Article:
Crops Go Uncovered as South African Insurers Weigh Droughtby and
Farmers planting vegetables in some areas excluded from cover
Premiums are becoming too expensive, some farmers say
Swathes of dying cornfields and the lowest rainfall since records began have prompted South African insurers to cut cover for some crops planted by farmers.
“As part of our constant negotiations with our re-insurance partners, there are some crops that will probably be excluded in certain areas as the risk is just too high,” said Andries Wiese, manager of the agricultural unit at Johannesburg-based Mutual & Federal Insurance Co., a unit of Old Mutual Plc.
Farmers who missed deadlines to plant their corn in time to avoid winter frosts as they waited for rain, or whose drought-ravaged fields are too dry, can’t get cover. Vegetable crops in northern regions, sugar in KwaZulu-Natal and wheat in the Western Cape also pose too much of a risk for some insurers while premiums for farmers who can get cover are rising.
“Insurers typically try to quantify their exposure in relation to the risk and then calculate an appropriate rate or premium,” Wiese said. “Where this calculation dictates caution, you will find insurers less willing to insure a particular event or item. Some examples would be citrus, tomatoes, dry land vegetables such as carrots, melons, pumpkins, squashes, peppers, spinach and cabbage.”
South Africa’s crop insurance industry is estimated to be worth about 1 billion rand ($60 million) in annual premiums, according to Wiese -- about 2 percent of the total property and casualty insurance market. That means its contribution to short-term insurers’ earnings is dwarfed by other businesses, said Risto Ketola, head of financials coverage at SBG Securities in Johannesburg, a unit of the country’s biggest bank by assets.
“While the crop insurance results are likely to be dire, it represents a tiny market segment in the broader insurance sector,” he said. “Around 40 percent of the premiums relate to motor insurance and on that business line it can never be too dry.”
Nonetheless, Mutual & Federal and larger rival Santam Ltd. are closely scrutinizing their farming customers before writing policies.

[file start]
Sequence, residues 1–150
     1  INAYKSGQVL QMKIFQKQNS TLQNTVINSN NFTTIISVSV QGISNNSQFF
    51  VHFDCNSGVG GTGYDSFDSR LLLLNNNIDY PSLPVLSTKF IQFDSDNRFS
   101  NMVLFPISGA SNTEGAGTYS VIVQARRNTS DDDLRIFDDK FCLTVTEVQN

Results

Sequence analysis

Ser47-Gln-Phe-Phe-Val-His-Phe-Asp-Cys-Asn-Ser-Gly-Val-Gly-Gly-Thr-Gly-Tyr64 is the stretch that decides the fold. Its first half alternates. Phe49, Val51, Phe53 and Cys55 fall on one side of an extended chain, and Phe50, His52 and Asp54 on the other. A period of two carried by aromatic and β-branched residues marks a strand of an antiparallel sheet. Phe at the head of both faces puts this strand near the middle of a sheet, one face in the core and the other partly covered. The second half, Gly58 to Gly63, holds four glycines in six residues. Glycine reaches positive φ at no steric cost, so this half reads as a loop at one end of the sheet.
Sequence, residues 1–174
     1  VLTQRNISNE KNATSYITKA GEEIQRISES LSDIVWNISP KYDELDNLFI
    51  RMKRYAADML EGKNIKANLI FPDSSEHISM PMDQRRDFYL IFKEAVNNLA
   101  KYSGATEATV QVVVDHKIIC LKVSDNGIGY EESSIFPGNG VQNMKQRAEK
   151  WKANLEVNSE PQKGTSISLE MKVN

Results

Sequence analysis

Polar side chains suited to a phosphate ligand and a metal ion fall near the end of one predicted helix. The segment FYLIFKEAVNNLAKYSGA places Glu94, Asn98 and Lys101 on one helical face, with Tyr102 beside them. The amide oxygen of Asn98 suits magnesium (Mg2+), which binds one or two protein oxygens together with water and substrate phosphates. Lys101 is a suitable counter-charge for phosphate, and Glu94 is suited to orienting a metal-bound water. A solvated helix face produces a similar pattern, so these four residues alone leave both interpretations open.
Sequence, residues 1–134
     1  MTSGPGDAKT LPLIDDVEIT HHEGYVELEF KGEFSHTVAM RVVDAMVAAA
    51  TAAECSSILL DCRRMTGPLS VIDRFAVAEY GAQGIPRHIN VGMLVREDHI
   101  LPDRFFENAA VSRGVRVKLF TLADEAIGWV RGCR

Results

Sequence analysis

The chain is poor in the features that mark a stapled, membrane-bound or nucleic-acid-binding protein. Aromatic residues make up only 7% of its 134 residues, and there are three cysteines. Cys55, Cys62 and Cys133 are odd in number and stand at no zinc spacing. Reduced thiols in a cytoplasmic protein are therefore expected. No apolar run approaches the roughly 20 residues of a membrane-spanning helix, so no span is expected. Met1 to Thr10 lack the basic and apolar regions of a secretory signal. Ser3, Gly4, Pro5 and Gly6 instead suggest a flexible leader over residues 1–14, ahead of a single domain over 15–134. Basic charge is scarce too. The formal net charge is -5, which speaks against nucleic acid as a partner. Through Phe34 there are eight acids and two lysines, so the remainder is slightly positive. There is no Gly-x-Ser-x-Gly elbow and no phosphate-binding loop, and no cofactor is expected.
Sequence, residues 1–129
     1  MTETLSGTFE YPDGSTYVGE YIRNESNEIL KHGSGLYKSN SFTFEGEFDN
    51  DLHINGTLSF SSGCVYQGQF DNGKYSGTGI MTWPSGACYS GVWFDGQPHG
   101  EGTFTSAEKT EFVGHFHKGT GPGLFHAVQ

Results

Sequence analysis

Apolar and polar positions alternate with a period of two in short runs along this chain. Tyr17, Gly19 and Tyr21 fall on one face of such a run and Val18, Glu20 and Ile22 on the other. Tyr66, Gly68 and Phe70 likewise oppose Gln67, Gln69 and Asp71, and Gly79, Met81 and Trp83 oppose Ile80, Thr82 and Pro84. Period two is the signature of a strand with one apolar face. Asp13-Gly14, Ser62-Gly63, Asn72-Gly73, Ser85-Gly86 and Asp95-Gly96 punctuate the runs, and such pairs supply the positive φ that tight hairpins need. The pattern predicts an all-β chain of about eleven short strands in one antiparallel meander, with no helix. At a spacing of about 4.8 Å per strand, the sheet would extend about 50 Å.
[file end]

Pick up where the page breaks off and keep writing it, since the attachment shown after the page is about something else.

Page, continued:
Santam is only insuring crops planted within the optimum dates in land with sufficient soil moisture, said Gerhard Diedericks, the company’s head of agriculture. “Santam has tightened up underwriting measures in response to these conditions and this has resulted in premium increases in some areas. It’s possible new business volumes will decline due to the poor economic status of farmers and consumers.”
Grain SA, the biggest South African grain and oilseeds farmer lobby group, last year estimated its members would plant 2.5 million hectares (6.2 million acres) in the 2015 to 2016 season. Thanks to the drought, only 50 percent of that was sown, according to Corne Louw, senior economist at the association. Those who want to plant now won’t qualify for insurance because they are too late, he said.
“We might have to look into government helping us,” Louw said. “A subsidy or some sort of governmental insurance or scheme that will help bring down the cost of insurance down for farmers.”
The few corn farmers who do get enough rain may make a lot of money. White-corn futures in the continent’s biggest producer of the grain climbed to the highest on record and exceeded 5,000 rand ($298) a metric ton for the first time on Jan. 18. That’s no help to Ryan Mathew, who grows yellow corn in North West province and who couldn’t get insurance for his parched fields. Even if he could, the premiums were too high.
“It’s too expensive to get insurance, we can’t afford it,” Mathew said. “They want you to pay 1,000 rand a hectare, we can’t afford that, especially now. We don’t even know if we will survive this year, to be honest. My father, who has been farming for 30 years, says he has never seen this situation, he has never seen it looking this bad.”